How does that work?

To make out a claim for retaliation, an employee need only demonstrate that (1) she was engaged in a “statutorily protected activity” by opposing an employment practice which she has a good faith, reasonable basis to believe is unlawful; (2) an “adverse employment action” was taken by the employer; and (3) there is some causal connection between the two, i.e., an adverse action following a statutorily protected activity.

As we have oft noted, the best-drafted, airtight, protective anti-discrimination and anti-retaliation policies in your workplace are no good at all if you do not follow your procedures and enforce them.

HR Is a Company’s First Line of defense. But Not If It Fails To Take Action.

What Should Employers Do?

From a high level, and as I wrote in here and here, employers seeking to prevent discrimination, harassment, or retaliation should:

  1. Provide a written procedure for reporting and thoroughly investigating claims of unlawful harassment and follow the procedure, extensively documenting the process along the way.
  2. Take all complaints seriously regardless of whether a complaint is made formally or informally.
  3. Start the investigation ASAP. As soon as practicable (no need to panic), an investigation should be performed thoroughly and in an unbiased manner.
  4. Ensure the comfort of the complaining employee. You may have to remove the potential offender
  5. DOCUMENT this process along the way. I cannot begin to stress this enough.
  6. If you are investigating misconduct, continue to follow up with the individual who reported the harassment—whether you found that it occurred or not—to ensure they feel safe and that they are not being retaliated against; again, document all findings.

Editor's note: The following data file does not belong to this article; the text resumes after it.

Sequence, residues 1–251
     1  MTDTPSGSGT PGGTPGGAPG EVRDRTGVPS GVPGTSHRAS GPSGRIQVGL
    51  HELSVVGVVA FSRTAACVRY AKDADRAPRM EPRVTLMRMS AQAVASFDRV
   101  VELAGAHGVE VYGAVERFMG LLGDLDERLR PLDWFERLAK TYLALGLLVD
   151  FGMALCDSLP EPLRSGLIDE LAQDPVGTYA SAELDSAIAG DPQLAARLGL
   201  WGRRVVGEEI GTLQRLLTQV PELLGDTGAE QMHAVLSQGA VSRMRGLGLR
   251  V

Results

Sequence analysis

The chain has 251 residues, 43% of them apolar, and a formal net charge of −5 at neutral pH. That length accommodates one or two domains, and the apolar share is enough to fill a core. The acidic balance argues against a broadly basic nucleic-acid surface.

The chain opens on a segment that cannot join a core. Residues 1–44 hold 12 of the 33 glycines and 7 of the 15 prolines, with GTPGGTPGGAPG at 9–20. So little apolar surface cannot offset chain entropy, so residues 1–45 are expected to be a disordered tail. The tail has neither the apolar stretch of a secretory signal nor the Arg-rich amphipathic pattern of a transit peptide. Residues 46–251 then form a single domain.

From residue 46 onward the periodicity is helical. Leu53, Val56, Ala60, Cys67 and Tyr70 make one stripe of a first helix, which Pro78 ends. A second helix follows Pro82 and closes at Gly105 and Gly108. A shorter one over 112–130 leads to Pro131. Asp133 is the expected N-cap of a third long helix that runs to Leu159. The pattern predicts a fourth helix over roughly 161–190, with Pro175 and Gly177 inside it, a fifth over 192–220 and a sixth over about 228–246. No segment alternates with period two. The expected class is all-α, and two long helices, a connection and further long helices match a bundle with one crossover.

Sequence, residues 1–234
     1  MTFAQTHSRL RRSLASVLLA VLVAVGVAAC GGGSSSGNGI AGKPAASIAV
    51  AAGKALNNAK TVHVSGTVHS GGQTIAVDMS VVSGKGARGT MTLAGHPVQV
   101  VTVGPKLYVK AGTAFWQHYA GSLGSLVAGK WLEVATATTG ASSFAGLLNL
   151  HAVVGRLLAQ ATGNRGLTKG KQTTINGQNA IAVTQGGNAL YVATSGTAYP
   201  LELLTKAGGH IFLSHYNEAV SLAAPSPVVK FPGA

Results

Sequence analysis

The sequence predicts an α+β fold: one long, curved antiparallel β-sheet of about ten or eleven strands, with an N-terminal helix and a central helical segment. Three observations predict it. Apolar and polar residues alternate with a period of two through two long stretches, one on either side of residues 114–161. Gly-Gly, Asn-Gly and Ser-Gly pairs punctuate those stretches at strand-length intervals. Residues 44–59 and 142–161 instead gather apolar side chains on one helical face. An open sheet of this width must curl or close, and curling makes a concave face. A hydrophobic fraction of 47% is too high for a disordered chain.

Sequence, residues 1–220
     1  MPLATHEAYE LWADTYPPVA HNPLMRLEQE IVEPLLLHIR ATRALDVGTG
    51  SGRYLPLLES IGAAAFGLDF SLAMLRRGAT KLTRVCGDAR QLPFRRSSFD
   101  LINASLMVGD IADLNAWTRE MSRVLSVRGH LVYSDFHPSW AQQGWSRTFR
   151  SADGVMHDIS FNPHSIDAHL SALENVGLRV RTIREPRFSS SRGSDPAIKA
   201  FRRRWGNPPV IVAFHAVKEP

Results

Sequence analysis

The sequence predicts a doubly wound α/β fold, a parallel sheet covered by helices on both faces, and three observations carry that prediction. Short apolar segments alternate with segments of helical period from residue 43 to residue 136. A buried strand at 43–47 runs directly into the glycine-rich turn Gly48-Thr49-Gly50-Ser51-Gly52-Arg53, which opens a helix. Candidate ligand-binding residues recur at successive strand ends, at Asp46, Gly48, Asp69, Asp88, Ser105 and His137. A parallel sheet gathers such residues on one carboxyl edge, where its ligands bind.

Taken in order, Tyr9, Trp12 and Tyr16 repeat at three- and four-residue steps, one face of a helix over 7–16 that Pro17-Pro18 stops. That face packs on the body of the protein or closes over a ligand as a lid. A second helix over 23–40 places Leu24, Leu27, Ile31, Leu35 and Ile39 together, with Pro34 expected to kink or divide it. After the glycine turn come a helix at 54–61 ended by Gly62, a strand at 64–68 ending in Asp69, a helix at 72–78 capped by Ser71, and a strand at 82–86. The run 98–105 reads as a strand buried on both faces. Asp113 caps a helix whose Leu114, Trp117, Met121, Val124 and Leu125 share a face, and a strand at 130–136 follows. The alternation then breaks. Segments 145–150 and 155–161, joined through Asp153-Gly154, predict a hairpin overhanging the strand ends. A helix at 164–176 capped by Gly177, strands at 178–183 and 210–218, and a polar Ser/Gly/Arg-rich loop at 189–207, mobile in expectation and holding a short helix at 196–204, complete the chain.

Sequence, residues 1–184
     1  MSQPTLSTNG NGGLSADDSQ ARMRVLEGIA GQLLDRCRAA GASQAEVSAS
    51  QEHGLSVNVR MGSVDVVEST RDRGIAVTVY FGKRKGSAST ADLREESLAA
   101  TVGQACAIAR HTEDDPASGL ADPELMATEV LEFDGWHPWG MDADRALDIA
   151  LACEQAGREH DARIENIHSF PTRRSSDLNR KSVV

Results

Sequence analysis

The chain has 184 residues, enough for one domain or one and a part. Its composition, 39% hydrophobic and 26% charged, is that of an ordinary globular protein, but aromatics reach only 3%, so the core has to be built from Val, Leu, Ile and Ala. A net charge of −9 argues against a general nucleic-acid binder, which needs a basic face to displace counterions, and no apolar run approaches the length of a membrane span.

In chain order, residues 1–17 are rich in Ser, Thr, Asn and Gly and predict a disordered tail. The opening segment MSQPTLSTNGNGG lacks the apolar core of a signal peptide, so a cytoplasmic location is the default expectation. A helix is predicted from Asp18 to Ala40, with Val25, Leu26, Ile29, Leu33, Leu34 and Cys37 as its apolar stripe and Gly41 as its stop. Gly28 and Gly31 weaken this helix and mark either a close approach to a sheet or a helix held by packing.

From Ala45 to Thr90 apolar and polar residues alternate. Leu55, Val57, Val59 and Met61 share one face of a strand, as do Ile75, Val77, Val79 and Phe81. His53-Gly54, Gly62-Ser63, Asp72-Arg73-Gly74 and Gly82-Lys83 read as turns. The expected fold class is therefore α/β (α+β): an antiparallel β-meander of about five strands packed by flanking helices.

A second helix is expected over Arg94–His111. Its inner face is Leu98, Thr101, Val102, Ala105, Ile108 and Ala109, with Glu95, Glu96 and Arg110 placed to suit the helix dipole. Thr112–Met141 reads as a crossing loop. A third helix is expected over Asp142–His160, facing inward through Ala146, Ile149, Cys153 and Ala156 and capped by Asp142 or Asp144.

7. Take swift and decisive corrective action to prevent such conduct. That may mean suspending or terminating the perpetrator. Once your company is aware that sexual harassment likely occurred, you are complicit if you fail to take investigate and/or take corrective action. Have clear standards for what type of conduct merits discipline and the types of discipline and enforce it—hold people accountable for misconduct.
  8. Provide regular, interactive, professional training to employees and managers tailored to your workplace so that they can recognize, respond to, and prevent unlawful harassment (based on sex, race, age, etc.) A “one size fits all” approach to training is generally ineffective. Further, training must be promoted by senior leaders to show commitment.
  9. Encourage reporting of any unlawful harassment by men and women—a “say something if you see something” mentality; convey, via your policies and practices, that your company prohibits retaliation.
  10. Critically, maintain a “top-down” culture prohibiting unlawful harassment. When anti-discrimination and a refusal to tolerate harassment comes from the very top of your organization, it demonstrates commitment to employees from the C-Suite to the mailroom to maintain a culture of respect for all. It says, “we’re serious here” and, likely, a workplace with an organizational culture that results in less discrimination and harassment.

A point about #9 and pertinent to the allegations in the mama’s memo: it’s pointless to encourage reporting and pay all of that money to employment counsel for a gold standard anti-retaliation policy if managers retaliate against employees that oppose harassment and HR fails to investigation or take action.